Warped Rotors: Why Does My Car Shake When I Hit the Brakes?
Warped Rotors and Brake Vibration
If you're wondering why your car shakes when you hit your brakes, you more than likely have one or more warped rotors behind your wheels.
What Is a Rotor?
A rotor is the round piece of steel pictured below that your brake pads grab hold of when you hit the brakes. Depending on your hubcaps, you can usually see your rotors on the inside on the wheel.
When a rotor comes out of the factory, it's smooth and even. When the brake pads make contact with both sides of the rotor evenly, smooth braking results. But what happens over time is that the rotors can become warped, meaning that they lose their smooth, even surface. When that happens, every time you go to hit your brakes, the brake pad encounters a surface that isn't entirely smooth, and the braking gets very bumpy.
What Causes Warped Rotors?
Warped rotors can be caused by multiple things. Here are a few common reasons:
- Sudden braking: As you're driving along, if you ever are forced to brake suddenly from a high speed, the friction can cause a level of heat on the rotor great enough to cause the rotor to warp.
- Constant braking: If you're ever driving down a long hill and are constantly having to keep your foot on the brake, the buildup in heat can also cause the rotor to become warped.
- Overuse of brake pads: Another thing I've experienced that has caused rotor damage has been excessive use of brake pads, meaning that the brake pads weren't changed early enough and partial metal on metal friction was allowed to happen. I've replaced rotors before that have had such deep grooves that you could literally put a marble in them and spin it all around the rotor. You don't want that to happen to your vehicle.
What You Can Do
When your rotors get warped and your car shakes when you hit the brakes, you have a couple of options.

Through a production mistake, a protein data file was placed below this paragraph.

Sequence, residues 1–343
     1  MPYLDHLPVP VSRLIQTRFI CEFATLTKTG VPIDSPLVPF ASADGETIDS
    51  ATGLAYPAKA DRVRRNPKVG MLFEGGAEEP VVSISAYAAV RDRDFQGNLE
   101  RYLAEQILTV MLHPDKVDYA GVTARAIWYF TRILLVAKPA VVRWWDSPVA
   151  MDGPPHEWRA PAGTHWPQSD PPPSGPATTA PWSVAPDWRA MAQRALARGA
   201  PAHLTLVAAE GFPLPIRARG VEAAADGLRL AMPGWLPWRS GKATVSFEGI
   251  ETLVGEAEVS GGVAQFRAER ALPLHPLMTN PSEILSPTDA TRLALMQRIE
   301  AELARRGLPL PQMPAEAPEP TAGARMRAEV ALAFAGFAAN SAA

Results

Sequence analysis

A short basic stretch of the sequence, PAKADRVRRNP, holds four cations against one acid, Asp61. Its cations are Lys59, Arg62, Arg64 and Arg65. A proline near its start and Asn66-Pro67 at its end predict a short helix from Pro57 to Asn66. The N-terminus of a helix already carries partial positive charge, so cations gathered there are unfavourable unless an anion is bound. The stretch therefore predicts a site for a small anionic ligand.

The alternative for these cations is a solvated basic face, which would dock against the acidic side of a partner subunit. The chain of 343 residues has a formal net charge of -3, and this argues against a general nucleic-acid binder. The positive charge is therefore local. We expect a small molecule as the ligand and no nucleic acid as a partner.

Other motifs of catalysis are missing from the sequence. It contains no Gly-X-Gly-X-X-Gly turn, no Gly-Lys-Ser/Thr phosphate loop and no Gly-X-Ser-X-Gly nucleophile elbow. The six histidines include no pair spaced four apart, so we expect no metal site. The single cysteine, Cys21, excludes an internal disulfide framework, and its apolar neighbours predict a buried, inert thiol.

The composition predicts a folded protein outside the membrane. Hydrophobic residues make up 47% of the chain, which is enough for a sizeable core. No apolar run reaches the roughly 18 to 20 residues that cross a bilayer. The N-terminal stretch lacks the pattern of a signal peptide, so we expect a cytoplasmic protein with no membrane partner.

If you change your own brakes, it will be a lot less expensive to fix the problem than if you take your car to the shop for brake jobs. If you've been experiencing some shaking when you hit the brakes and you're due for a brake change, then that's the perfect time to deal with your warped rotors. If the rotors are fairly new then you may not need to replace them. You can take them off and drive them down to your local auto parts store and have them turned on a special machine that grinds down the outer warped layer of the metal to make the surface smooth and even again. But there are two things that you need to be warned of when considering this process.
- If your rotor is too thin the auto parts store won't grind them down for you and you'll have to buy new ones. This isn't really all that much of a problem since new rotors are generally only about $40 a piece.
- Make sure you call ahead to schedule a rotor turning appointment. Sometimes when auto parts stores are swamped, it may take a while to service your rotors and you'll end up sitting there for a long time. The process shouldn't take more than 30 minutes or so per rotor, but if the shop is busy, it's just best to call ahead and make sure they can do it quickly for you.
Each auto parts store will probably have a different cost for turning your rotors, but it shouldn't be more than $25 or so. So all in all, changing your brakes yourself and having your rotors serviced should cost you less than $100, which is pretty nice.
If you don't service your brakes yourself but take them into the mechanic, tell your mechanic that your rotors are warped and that you want him to turn them for you. Ask him how much it costs for the process and hold him to it.
Another thing you can do is to go to the auto parts store before you go to the mechanic and buy a set of rotors from the store and then ask the mechanic to replace your rotors when he does the brake job. It should only be a matter of loosening a couple bolts, so don't let him charge you an arm and a leg for the labor.
Best of luck!
This article is accurate and true to the best of the author’s knowledge. Content is for informational or entertainment purposes only and does not substitute for personal counsel or professional advice in business, financial, legal, or technical matters.